Is the system of basketball X’s and O’s that you implement a part of the culture you create for your program? This is a question that I have personally been struggling with since I began envisioning the culture I wanted to create as a head coach. The question is a tough one to address no matter what level you are coaching, however, I think it is the most difficult for high school coaches to answer, specifically because a high school coach does not have the ability to recruit players to fit his or her system as a collegiate coach or a professional coach does. This is a question that I have asked coaches at clinics, in chalk talks, and at camps that I have worked. The vast majority of the coaches I have spoken to reply yes, the system you implement should align with the culture you create as they both are a part of your philosophy. For example, Coach Jim Boone at Delta State University is a pack-line defense/motion offense guy, and he believes that his system aligns with the culture of toughness he is creating. The culture he has created revolves around the team mantra: “grit and grind”.
Now don’t get me wrong, all coaches want to create a culture of toughness…all coaches want their teams to be able to dig deep and grind to improve, but there are varying degrees of toughness and also varying definitions. Further, and here is the key, the system you employ
affects what that toughness means. For Coach Boone, toughness means “outlasting” his opponent defensively and having the discipline offensively to continue to probe the defense until his motion offense creates a breakdown. For Coach Don Showalter of the USA 16U team, toughness means understanding and executing the seven levels of his trapping system and utilizing the correct techniques in his side pick and roll offense.
Now, if you are going to be a coach preaching “grit and grind” as your team mantra, you are a team that is going to have to grit and grind everyday of practice. You will have to do those aggressive “toughness” drills everyday. There are some very successful and disciplined teams that do not have that “gritty” culture, yet they manage just the same. As a coach, I think we have to be aware of what we believe in and what we stand for. Then, we have to know what we will tolerate. To use the old cliché, there are a million ways to skin this cat, however, as the head coach of the program, your vision, culture, and system must align.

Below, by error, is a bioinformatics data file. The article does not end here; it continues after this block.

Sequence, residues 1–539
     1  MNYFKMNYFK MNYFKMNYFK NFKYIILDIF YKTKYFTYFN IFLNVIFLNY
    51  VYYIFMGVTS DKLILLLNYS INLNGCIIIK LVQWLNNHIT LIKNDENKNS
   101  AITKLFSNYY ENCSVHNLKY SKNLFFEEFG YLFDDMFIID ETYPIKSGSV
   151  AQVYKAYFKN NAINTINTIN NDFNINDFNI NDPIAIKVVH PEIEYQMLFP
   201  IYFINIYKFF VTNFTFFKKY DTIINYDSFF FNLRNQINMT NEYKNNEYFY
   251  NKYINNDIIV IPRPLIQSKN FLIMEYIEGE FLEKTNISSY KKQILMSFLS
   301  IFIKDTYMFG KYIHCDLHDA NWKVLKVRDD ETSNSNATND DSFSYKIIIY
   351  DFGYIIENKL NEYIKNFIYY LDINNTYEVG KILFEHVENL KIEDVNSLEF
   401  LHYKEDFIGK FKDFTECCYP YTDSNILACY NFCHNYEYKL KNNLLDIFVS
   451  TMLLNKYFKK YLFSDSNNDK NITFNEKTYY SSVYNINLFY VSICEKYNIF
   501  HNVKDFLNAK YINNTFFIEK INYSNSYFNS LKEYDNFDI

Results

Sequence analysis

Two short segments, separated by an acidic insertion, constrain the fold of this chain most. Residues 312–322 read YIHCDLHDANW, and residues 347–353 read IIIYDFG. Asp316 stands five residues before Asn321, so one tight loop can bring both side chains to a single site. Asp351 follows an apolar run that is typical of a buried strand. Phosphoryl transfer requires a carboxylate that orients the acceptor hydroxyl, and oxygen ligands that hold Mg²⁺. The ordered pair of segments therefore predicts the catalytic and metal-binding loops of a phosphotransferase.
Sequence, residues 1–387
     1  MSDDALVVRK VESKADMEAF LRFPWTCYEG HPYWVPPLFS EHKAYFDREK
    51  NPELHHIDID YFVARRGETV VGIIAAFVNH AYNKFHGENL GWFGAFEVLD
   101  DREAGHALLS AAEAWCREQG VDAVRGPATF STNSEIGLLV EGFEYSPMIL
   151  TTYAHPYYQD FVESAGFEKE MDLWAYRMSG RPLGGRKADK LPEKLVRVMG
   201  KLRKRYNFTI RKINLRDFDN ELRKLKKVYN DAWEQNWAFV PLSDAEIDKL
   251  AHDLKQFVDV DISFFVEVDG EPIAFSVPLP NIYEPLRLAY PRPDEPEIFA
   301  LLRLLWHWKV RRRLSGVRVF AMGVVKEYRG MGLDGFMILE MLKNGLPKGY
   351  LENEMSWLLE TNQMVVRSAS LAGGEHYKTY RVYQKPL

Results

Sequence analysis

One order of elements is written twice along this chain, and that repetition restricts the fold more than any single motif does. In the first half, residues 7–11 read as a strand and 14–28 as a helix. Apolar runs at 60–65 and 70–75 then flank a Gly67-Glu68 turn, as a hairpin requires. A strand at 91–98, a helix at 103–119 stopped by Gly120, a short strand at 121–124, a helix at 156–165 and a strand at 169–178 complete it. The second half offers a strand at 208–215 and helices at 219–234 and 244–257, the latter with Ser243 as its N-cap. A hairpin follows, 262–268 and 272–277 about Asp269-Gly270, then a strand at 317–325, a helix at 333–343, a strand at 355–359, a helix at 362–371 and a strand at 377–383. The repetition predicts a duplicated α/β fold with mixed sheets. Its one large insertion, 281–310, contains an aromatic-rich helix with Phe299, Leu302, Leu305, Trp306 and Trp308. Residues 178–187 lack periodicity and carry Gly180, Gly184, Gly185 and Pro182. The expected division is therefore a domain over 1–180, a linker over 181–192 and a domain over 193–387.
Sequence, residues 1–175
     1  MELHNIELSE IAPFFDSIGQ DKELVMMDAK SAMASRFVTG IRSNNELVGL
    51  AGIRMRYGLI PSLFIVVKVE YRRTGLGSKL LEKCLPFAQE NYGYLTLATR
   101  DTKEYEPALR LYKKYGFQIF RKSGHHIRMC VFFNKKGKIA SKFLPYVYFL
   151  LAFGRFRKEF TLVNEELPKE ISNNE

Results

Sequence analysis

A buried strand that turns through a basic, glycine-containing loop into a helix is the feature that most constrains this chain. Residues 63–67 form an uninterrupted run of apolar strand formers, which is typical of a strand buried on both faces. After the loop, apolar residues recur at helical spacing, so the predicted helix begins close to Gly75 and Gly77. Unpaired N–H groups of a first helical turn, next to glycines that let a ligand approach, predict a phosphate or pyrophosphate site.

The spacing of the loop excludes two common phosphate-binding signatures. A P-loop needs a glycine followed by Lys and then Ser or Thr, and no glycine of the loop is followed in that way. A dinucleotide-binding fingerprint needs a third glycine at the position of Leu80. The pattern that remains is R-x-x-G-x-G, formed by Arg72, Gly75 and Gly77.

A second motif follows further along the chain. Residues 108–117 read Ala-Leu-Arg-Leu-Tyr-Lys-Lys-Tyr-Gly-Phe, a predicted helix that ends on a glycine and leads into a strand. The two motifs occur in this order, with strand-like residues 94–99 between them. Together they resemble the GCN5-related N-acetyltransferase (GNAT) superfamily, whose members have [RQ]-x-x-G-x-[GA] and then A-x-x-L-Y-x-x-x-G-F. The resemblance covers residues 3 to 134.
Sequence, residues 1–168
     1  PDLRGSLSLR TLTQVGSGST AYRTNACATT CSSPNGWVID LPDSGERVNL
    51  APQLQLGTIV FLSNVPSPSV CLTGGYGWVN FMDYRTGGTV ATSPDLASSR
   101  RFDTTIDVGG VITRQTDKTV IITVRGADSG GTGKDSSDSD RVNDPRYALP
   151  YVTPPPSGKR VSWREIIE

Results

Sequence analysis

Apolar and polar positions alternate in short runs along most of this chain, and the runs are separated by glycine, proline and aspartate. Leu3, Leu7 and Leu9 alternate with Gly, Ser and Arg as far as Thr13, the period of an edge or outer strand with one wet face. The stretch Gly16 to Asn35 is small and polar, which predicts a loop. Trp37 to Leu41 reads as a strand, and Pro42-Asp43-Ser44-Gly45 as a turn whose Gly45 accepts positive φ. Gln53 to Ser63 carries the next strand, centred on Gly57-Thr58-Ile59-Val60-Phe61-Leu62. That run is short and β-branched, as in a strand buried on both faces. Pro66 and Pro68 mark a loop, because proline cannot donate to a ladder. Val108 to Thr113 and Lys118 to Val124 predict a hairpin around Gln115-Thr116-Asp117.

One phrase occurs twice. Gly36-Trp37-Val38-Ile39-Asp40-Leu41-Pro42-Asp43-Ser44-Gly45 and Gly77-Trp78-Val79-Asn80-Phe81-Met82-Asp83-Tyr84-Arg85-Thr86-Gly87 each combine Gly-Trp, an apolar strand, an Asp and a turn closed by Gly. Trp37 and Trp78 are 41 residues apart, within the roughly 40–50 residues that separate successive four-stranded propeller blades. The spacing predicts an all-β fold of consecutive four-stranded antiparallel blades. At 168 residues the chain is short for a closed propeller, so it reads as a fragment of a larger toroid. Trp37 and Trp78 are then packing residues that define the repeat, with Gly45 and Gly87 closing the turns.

Taking it a step further, if you are a motion offense team like Coach Boone, the amount that you are going to trust your team offensively is at a much higher level than a coach that runs all sets. Not saying that one way is better than the other, but the degree to which you trust your team is also indicative of the culture you are creating, and, as just mentioned, the system you run reflects how much you trust your team.
With all of this being said, does this mean that you cannot change your system and keep your culture if the personnel dictates it? Of course not, the reality is that you culture is steeped in the values you hold as a coach. If a system change is necessary, the culture still works, but the values need to be re-aligned and calibrated.
For example, with our culture and our system we have had to re-shape our mantras and core values to align our shift in our system. One of our mantras is “Fear your comfort zone”. Our core values (seven total) included words like competitiveness, communication, and character. Last season we were a pressing team as we had four athletic guards that are all playing college basketball next season. We used their speed and quickness and were able to get into the open floor and ran a continuity pick and roll offense as they were all high-level ball handlers and decision makers. Now, after graduating those four players, we are transitioning into being a more half- court oriented team. Does that mean that those mantras and core values go out the window? No, we just re-define them. Last season when we spoke about “fearing your comfort zone” we spoke about endurance levels (obviously, we still need to be in great basketball shape so this applies), we spoke about focusing on knowing all of the calls out of our pressing system (we still need to keep our focus at a very high-level, now in learning the new defensive rotations in our half-court system). The core values of competitiveness, communication, and character clearly still apply as well. I think we will be an even more competitive team as we will not be as up and down so we are going to have to grind more and win those battles in the half court. Something that we will definitely have to tweak as well, is that we always preach outworking our opponents, and that has been defined as being aggressive (maybe overly aggressive at times) and getting up the line and denying. We will not be in that same deny position this season and are shifting that mentality completely. However, we are not going to stop preaching “outworking” our opponents, it will just mean outworking them in other ways.
The closing point here is that yes, changing systems could and should happen. Adaptability is a growing requirement in the coaching landscape, just ask Coach K. However, that doesn’t mean your culture should change. It should evolve and be tailored to your system.
Guest post by:
Coach Nick Logalbo